The “Bolsheviks and Mensheviks” – Of The Future

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The “Bolsheviks and Mensheviks” – Of The Future

On the film Minority Report; directed by: Steven Spielberg; cast: Tom Cruise, Colin Farrell, Samantha Morton, Max Von Sidow

#1 The successful realization of the revolutionary-militant takeover of the government power in Imperial Russia in 1917, with the attack on the Winter Castle in Sanct Petersburg, brought a many-century-lasting dilemma for the democracy in whole. Namely, since then, the term “bolshevism” stands as a synonym of the non-democratic and autocratic rule, regardless the fact that, at the beginning it stood as a “Dictatorship of the Proletariat”, and then as a “Stalinism” etc. Within the division of the (revolutionary) “orthodox-bolsheviks” and the “losers-mensheviks, as much the ideological view of the history can be seen, that much the facts can be observed, also – regardless how much one would like to see: the “Bolshevism” in the Russian terminology means majority; and, the “Menshevism” means minority. According to any democratic political “mathematics”, that was the victory of the majority over the minority, in – more or less – democratic way. But, what can one do: the democracy is a collision of many different groups of interests…
This introduction, especially for the younger film and reader audience, most probably is highly vague, and at the edge of wastefulness. Therefore, not to widen the story further, we can “cut it short” in many ways: like in the spirit of the oral wisdom – like: it’s not gold everything that shines – etc. But, in this review of the newest Steven Spielberg film Minority Report, that political sub-text pictures a whole “ideology” within the American Cinema, based on the principle of the individual’s fight against the system, today popularly put into the maxim “alone-against-the-television” as a verbal joke for any utopia endeavor in the society.
#2 So, this introduction isn’t just one of the numerous “philosophical” or “getting-wise” tricks of the film critics: it’s inspired by the essential “political” background of this film’s title. The Minority Report, and not only from the perspective of the average Balkan political view, at first associates on some classical political story. Then, with the exposition of the well-known SF-discourse, based upon the works of Philip K. Dick, and in spite of the glomming of the initial intention, the critic (most probably) would be right to proclaim Spielberg’s Minority Report as a political film – par exellance. That’s nothing new: once you “scratch off” the entire computer animation in – for instance – the Star Wars: The Attack of the Clones, by George Lukas’, who together with Spielberg make the Hollywood’s “yin-yang” – in programmable, esthetic, production and ideological sense, only one – although quite anemic – political thriller can be seen! And nothing more.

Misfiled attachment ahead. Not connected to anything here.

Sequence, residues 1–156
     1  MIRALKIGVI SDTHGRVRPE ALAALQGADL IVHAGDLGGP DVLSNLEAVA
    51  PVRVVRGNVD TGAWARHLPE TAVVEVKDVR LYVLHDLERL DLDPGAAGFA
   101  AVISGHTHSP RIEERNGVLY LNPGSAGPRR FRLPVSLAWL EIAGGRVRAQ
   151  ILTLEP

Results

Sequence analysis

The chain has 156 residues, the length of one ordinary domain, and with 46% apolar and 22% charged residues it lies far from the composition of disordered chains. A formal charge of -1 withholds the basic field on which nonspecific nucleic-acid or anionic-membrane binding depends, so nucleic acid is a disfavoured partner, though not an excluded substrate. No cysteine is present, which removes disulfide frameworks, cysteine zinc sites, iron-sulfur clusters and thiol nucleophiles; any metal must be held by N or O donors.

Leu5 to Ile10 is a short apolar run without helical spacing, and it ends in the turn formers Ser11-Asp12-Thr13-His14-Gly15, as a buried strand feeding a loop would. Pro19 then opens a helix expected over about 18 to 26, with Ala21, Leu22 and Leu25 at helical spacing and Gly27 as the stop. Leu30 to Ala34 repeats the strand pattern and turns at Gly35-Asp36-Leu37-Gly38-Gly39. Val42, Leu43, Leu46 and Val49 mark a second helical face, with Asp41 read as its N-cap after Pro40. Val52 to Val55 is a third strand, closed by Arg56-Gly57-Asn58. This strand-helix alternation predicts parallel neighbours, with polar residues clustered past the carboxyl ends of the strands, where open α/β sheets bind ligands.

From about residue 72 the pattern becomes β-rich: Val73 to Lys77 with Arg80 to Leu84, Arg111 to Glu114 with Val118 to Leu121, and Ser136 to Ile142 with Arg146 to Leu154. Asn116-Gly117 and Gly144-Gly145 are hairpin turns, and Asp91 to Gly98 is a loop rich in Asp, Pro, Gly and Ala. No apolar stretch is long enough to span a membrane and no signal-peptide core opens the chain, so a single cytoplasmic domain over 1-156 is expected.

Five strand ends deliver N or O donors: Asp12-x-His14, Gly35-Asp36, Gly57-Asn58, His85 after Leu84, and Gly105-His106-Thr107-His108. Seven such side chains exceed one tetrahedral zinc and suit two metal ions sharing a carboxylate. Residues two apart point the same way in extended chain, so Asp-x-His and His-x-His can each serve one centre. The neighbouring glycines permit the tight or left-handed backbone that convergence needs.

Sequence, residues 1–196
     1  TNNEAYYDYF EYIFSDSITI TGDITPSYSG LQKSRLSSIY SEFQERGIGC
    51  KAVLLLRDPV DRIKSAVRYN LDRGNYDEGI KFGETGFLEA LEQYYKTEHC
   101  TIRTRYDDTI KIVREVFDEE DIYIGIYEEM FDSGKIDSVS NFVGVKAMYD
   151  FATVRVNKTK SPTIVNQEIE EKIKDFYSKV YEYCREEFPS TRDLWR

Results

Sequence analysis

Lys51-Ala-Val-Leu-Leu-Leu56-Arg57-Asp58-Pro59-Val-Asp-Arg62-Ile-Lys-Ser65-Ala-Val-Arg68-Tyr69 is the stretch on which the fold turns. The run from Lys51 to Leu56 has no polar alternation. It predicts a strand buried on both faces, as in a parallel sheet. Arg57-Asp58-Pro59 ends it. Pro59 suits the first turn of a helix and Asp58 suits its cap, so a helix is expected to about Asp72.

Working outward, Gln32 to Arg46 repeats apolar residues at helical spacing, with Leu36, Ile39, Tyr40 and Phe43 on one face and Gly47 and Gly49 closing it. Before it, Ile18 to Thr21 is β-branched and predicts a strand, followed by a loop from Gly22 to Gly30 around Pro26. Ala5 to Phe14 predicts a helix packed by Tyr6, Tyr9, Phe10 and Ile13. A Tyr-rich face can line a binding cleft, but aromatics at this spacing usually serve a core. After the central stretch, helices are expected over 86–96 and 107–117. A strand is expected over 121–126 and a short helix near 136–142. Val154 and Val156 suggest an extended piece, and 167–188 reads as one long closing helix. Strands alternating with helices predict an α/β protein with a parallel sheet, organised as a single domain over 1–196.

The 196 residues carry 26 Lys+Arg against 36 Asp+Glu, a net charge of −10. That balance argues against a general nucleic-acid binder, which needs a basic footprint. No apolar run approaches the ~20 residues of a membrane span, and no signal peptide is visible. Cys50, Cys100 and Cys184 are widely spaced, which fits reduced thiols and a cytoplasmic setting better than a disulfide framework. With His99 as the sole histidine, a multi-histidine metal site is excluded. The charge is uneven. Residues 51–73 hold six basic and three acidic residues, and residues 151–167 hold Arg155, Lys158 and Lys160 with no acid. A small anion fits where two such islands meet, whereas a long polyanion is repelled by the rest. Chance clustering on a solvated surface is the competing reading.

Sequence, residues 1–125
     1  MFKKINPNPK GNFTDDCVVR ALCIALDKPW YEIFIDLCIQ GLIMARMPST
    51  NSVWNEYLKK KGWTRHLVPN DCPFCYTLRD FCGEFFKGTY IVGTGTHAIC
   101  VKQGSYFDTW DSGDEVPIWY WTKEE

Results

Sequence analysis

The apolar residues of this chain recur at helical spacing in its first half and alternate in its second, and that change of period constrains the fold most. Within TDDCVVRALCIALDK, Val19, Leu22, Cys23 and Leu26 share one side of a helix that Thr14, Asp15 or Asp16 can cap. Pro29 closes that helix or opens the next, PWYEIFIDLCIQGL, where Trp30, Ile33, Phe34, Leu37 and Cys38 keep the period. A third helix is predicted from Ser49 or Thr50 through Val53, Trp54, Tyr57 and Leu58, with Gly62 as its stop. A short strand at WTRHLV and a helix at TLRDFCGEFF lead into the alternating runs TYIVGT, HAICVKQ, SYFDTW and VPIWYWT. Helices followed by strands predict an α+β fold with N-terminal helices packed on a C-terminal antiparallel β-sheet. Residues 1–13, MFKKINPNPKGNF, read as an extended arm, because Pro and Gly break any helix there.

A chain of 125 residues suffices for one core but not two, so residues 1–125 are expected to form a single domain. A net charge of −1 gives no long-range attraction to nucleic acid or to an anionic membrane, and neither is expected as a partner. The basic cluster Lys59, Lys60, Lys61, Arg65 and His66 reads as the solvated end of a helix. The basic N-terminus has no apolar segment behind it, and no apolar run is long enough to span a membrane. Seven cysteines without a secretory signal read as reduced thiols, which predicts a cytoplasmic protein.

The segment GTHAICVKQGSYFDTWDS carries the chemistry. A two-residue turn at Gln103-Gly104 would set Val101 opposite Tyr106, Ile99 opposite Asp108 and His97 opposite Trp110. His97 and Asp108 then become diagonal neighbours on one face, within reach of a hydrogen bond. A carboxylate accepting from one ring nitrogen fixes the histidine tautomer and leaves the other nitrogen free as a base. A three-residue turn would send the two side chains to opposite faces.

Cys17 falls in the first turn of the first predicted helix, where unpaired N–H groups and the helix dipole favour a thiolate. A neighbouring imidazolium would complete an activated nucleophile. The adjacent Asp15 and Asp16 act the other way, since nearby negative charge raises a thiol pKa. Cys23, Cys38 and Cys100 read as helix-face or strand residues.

But as we said, not less of a political story in classical sense. Although Spielberg, until now – at least once – did deal with the political genre – his Color Purple, for instance – the new page in the comprehending of the modern ideologies of the 21st Century, the page that in the most impressive way was opened by the brothers Watchowsky with Matrix, probably drew the most successful eclectic in the Hollywood’s 20th Century (I mean Spielberg, of course) in this adventure. Here, dealing with Tom Cruise and the similar aspects can, quite freely, to be put under the “collateral” activities: not by chance, few lines above we didn’t miss the production aspect of the Spielberg’s film opus, which, regardless of the fact whether you like it or not, must bring the money back from the box offices… And some another digression: seems that exactly Hollywood is “the core” of the western interpretation of the classical Marxism, which lapidary defines the world development by the formula: the economy base, and even then – the social, spiritual or any other human value grading-up… But then again, it’s the quite different story for the commercial and the authorial/art cinema).